Cookie policy notice

By continuing to use this site you agree to our cookies policy below:
Since 26 May 2011, the law now states that cookies on websites can ony be used with your specific consent. Cookies allow us to ensure that you enjoy the best browsing experience.

This site is intended for health professionals only

At the heart of general practice since 1960

Asthma children with rhinitis more likely to be admitted

High blood sugar levels and a diagnosis of diabetes are significant independent risk factors for several major cancers, according to a 10-year study of more than a million people.

Korean researchers found that elevated fasting serum glucose levels and a diagnosis of diabetes were associated with cancers of the oesophagus, liver, colon, cervix, pancreas and bile duct.

The risk increased with the level of fasting serum glucose and remained when BMI was taken into account, suggesting the finding was a consequence of hyperinsulaemia and not confounded by obesity.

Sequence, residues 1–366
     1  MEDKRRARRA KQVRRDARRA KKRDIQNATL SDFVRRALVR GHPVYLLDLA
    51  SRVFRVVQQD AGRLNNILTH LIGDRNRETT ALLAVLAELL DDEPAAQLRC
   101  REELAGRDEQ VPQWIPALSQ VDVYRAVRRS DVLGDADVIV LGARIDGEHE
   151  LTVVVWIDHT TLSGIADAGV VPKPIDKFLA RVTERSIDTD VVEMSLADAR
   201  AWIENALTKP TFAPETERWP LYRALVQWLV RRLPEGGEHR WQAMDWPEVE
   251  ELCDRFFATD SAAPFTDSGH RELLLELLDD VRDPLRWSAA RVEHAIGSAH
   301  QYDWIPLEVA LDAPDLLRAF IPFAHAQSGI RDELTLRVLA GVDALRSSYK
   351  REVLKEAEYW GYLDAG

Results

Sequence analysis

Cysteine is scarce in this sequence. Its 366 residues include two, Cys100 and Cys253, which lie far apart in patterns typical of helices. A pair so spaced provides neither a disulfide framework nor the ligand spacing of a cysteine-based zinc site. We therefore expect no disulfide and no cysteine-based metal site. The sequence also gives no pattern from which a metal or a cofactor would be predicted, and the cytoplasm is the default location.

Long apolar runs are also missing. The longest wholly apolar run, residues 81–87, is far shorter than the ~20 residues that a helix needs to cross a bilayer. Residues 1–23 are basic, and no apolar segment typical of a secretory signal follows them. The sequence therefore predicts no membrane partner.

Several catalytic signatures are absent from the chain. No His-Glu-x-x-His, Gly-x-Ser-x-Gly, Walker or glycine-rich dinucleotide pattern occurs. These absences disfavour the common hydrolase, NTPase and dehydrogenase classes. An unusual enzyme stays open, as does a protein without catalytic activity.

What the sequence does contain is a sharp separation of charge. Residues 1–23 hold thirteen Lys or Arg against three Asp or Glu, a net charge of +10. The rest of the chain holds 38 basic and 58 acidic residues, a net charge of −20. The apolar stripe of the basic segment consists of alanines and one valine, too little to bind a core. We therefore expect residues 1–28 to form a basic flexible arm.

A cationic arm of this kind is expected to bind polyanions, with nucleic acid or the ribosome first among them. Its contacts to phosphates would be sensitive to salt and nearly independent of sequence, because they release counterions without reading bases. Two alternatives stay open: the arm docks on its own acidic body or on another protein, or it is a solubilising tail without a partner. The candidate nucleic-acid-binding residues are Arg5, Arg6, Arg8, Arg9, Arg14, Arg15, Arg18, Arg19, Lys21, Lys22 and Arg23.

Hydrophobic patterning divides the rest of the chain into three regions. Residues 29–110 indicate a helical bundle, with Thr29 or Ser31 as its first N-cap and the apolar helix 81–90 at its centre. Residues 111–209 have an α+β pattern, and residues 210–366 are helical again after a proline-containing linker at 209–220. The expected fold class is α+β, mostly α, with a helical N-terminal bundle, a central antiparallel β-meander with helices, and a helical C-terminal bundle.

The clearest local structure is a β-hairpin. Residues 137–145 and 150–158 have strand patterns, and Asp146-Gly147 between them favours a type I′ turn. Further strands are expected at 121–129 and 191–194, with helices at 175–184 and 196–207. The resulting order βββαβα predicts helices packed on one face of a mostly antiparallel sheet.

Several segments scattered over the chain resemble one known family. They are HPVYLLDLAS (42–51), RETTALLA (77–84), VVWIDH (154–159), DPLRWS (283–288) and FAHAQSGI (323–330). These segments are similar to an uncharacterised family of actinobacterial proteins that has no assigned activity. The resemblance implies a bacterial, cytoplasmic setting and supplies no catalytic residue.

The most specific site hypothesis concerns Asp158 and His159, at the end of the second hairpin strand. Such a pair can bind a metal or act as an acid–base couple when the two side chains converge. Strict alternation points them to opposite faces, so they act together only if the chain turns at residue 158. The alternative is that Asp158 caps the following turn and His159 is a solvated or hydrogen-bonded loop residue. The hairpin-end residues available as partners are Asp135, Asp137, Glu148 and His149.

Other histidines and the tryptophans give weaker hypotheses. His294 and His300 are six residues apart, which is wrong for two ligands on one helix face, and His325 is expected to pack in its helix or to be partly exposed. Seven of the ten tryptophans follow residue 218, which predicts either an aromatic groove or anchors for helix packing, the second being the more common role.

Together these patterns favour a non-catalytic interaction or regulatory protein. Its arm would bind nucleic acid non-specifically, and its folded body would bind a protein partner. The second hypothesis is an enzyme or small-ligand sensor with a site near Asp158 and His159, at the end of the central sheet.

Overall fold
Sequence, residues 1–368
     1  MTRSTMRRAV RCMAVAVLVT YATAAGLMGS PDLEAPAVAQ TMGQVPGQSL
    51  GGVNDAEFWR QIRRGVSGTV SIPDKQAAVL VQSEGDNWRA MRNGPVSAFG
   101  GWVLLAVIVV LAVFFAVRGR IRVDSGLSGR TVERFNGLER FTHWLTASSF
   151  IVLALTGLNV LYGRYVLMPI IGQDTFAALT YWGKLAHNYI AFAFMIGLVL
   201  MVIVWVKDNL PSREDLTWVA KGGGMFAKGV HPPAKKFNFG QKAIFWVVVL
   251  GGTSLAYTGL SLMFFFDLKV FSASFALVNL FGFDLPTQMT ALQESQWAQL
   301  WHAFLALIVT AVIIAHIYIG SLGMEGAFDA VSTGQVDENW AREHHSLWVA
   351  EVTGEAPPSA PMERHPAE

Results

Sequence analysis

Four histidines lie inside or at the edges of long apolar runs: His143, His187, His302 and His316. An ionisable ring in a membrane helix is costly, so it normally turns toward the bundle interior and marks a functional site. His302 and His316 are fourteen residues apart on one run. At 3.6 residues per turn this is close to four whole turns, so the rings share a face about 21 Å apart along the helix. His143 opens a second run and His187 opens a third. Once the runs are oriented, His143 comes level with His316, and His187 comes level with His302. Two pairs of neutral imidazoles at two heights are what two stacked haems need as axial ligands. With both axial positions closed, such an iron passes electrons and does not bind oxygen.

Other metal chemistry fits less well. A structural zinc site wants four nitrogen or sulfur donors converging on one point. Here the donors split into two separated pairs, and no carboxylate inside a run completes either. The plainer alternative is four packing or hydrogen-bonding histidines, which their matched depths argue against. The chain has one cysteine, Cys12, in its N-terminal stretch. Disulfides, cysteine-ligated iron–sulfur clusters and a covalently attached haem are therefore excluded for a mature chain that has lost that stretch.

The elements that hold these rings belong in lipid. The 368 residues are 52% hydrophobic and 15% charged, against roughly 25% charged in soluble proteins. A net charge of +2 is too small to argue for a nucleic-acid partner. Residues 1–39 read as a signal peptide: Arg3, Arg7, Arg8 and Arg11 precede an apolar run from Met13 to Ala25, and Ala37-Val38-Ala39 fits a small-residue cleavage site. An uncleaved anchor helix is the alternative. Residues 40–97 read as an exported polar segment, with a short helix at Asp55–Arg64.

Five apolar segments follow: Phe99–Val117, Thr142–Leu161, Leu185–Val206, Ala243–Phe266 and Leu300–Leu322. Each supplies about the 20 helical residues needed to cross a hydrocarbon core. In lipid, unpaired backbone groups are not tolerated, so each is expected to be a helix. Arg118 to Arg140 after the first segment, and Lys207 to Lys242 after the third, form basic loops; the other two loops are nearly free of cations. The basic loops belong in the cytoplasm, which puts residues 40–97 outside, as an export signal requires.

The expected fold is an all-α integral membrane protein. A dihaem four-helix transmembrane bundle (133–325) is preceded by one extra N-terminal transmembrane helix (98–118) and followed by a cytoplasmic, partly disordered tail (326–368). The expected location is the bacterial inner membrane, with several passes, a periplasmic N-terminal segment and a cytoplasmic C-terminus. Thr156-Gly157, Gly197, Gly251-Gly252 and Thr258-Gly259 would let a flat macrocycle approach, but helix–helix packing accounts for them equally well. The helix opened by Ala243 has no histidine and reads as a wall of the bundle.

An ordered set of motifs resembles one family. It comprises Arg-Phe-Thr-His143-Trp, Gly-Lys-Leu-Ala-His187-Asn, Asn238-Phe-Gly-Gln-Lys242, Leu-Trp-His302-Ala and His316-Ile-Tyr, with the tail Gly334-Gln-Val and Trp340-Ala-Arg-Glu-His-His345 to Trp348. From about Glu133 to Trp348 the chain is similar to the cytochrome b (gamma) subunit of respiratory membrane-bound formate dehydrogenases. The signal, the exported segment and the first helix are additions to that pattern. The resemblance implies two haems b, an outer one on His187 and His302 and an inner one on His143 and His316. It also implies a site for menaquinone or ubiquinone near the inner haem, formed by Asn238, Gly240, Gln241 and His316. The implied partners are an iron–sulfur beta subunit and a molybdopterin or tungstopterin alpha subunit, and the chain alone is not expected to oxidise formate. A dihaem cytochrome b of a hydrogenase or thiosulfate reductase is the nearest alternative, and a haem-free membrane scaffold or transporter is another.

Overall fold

Professor Kay-Tee Khaw, Cancer Research UK professor of gerontology at the University of Cambridge, said it was interesting that this study had found a link between cancer and blood sugar alone, even in the absence of a diagnosis of diabetes.

'It's also interesting that they looked at so many different types of cancer', she said.

'Increased blood glucose is clear in the type of diet

associated with obesity and that has been linked with cancer so it may reflect a common aetiology.'

Some 1.2 million people aged 30-95 took part in the study. The highest levels of fasting serum glucose increased risk of cancer death by 29 per cent in men and 23 per cent in women, according to the study in JAMA this month.

Rate this article 

Click to rate

  • 1 star out of 5
  • 2 stars out of 5
  • 3 stars out of 5
  • 4 stars out of 5
  • 5 stars out of 5

0 out of 5 stars

Have your say